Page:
Unsolicited Check Fraud
You receive a check in the mail as a prize and you’re so excited to have some extra spending cash! Even though you didn’t enter any contests, it must just be your lucky day, right? Unfortunately, this isn’t a real prize and the consequences are much greater.
The check could be disguised as a rebate or a refund for something or lottery winnings, but look carefully. Once you sign and deposit certain checks, it could be a legally binding contract for a high-interest loan or a monthly membership.
Phishing scams might be the sneakiest of all scams. Scammers will send you text messages or emails with links and attachments that look legitimate; if you click them, it’s possible ransomware will be installed on your computer, allowing them to view account information and important files.
Be careful when opening emails, even from a family member, friend, or trusted source. Think before you click on anything and do a quick search for phone numbers if they’re asking you to click and call.
Romance scammers will create fake dating profiles online, find a victim, and convince them they’re the person on the profile to make them fall in love. After talking back and forth, they’ll ask for money, saying they’re in deep trouble or need it to pay for something, like a ticket to come see you. In reality, they’re pocketing that money for themselves or using it to fund more scams. If you pay, they’ll keep coming back for more, giving you excuses why they need more and can even cause you to fall in debt.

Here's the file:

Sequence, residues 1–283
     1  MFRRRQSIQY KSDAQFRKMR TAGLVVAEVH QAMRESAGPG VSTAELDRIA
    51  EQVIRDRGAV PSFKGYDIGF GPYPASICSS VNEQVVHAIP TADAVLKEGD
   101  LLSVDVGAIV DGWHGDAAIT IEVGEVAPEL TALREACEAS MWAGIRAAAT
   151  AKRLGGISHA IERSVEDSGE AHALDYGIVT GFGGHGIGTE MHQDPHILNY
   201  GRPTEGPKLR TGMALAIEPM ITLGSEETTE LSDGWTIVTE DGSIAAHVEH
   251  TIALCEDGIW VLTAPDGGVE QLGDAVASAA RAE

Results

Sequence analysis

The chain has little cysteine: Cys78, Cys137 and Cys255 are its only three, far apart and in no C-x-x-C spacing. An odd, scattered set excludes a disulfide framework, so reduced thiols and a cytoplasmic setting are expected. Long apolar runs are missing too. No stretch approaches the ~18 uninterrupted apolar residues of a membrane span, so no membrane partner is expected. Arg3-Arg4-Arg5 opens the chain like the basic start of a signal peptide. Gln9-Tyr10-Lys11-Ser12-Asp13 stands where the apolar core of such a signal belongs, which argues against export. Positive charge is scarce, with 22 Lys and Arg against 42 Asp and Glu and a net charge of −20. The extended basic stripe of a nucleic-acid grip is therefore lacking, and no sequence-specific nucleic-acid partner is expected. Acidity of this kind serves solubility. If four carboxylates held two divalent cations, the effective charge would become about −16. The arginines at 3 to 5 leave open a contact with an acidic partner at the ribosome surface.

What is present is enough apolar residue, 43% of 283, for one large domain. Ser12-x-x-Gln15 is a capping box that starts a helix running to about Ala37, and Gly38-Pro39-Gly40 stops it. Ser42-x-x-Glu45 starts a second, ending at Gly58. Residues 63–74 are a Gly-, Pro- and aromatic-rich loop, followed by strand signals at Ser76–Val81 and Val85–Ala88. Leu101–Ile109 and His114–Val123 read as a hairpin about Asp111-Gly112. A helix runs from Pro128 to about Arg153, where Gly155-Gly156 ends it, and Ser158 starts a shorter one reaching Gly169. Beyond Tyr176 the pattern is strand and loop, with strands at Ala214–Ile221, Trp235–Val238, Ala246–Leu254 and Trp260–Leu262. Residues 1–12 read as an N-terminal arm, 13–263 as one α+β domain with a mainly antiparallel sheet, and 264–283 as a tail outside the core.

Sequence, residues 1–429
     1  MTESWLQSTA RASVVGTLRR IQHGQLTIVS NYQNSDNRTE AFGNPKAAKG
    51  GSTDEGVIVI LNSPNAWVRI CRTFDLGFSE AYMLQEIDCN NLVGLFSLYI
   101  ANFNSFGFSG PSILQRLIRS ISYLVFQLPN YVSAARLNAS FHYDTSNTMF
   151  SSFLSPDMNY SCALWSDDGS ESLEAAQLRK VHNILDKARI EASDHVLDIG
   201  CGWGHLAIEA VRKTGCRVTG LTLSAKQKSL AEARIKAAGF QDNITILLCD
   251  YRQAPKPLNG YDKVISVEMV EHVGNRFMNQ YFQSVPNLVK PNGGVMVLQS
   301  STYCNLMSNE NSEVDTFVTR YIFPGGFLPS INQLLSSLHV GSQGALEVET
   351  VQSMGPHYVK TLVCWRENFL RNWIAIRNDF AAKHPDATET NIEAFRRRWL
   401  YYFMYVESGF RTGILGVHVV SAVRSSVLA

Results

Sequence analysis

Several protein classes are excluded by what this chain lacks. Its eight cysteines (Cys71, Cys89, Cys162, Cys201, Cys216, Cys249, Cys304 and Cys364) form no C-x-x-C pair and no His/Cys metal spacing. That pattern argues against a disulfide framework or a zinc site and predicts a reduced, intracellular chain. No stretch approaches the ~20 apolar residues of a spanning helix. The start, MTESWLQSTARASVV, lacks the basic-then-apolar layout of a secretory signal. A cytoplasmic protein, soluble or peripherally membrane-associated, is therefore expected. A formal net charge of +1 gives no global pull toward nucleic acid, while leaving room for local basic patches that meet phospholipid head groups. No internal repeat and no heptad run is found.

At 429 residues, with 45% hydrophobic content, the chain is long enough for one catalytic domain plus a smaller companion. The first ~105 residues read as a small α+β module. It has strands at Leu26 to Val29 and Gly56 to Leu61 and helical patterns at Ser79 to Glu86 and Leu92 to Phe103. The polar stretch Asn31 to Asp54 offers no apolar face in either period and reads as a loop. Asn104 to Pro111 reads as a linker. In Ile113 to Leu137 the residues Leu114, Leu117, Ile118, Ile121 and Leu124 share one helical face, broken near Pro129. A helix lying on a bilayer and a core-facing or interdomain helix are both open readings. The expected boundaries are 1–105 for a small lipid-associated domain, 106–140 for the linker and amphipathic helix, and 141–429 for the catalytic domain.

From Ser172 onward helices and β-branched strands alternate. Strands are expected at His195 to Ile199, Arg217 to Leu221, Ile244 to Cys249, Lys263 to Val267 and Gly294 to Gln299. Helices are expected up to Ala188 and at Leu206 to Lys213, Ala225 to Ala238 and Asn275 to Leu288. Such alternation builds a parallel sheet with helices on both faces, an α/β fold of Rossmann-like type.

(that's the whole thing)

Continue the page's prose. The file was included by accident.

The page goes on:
In 2017, there were at least 15,372 victims of romance scams nationwide, with total losses of over $211 million. If you’re online dating, don’t send anyone you haven’t met money, especially if they’re located overseas.
Protect Your Information
- Don’t send money back or wire a portion of funds to a company or person after an overpayment. Ask for the specific amount up front.
- Verify cashier’s checks with the financial institution it’s drawn on before depositing to your account. Research the financial institution before calling – don’t use the number on the check.
- Be wary when clicking links and attachments within emails and texts.
- Don’t reply to emails, texts, or phone calls asking for your bank account number.
- Keep your security programs up-to-date.
- Don’t send people you haven’t met money, especially if they’re overseas.
How to Make a Report